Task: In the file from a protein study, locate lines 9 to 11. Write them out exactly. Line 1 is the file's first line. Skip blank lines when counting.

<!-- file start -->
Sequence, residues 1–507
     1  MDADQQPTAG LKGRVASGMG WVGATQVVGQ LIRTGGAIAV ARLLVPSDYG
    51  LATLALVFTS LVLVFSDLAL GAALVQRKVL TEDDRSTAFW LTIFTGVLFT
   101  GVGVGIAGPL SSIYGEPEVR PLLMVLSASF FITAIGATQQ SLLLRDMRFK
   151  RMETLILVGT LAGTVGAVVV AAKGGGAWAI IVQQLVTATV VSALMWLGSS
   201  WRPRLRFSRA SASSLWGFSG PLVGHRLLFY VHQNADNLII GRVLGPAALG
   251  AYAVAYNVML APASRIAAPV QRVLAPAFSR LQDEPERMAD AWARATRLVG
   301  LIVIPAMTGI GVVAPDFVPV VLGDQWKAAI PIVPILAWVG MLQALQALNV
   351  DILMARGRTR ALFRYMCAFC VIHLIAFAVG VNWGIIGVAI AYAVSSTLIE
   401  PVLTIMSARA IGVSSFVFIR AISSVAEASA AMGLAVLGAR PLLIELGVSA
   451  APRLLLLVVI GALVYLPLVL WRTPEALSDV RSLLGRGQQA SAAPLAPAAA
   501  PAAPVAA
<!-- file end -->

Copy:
   351  DILMARGRTR ALFRYMCAFC VIHLIAFAVG VNWGIIGVAI AYAVSSTLIE
   401  PVLTIMSARA IGVSSFVFIR AISSVAEASA AMGLAVLGAR PLLIELGVSA
   451  APRLLLLVVI GALVYLPLVL WRTPEALSDV RSLLGRGQQA SAAPLAPAAA